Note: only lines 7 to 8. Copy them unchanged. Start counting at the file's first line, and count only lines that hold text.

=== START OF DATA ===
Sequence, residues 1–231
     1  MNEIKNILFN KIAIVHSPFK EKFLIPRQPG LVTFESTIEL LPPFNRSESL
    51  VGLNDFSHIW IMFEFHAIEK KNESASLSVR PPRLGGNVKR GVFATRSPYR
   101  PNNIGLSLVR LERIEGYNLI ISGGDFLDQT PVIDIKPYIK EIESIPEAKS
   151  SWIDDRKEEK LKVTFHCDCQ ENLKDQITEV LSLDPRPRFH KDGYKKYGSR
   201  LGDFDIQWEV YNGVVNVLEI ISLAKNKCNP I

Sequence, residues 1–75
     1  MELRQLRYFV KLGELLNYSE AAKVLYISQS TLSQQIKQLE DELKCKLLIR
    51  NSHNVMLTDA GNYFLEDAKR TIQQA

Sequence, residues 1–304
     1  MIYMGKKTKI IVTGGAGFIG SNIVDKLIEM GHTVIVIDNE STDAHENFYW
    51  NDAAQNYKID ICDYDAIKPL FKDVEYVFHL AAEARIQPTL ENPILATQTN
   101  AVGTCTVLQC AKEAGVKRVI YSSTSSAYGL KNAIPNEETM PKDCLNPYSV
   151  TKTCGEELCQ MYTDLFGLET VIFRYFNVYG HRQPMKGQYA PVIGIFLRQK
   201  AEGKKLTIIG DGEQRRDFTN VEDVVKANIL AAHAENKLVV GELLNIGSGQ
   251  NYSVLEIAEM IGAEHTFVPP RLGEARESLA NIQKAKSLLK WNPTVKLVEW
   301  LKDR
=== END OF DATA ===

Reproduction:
Sequence, residues 1–75
     1  MELRQLRYFV KLGELLNYSE AAKVLYISQS TLSQQIKQLE DELKCKLLIR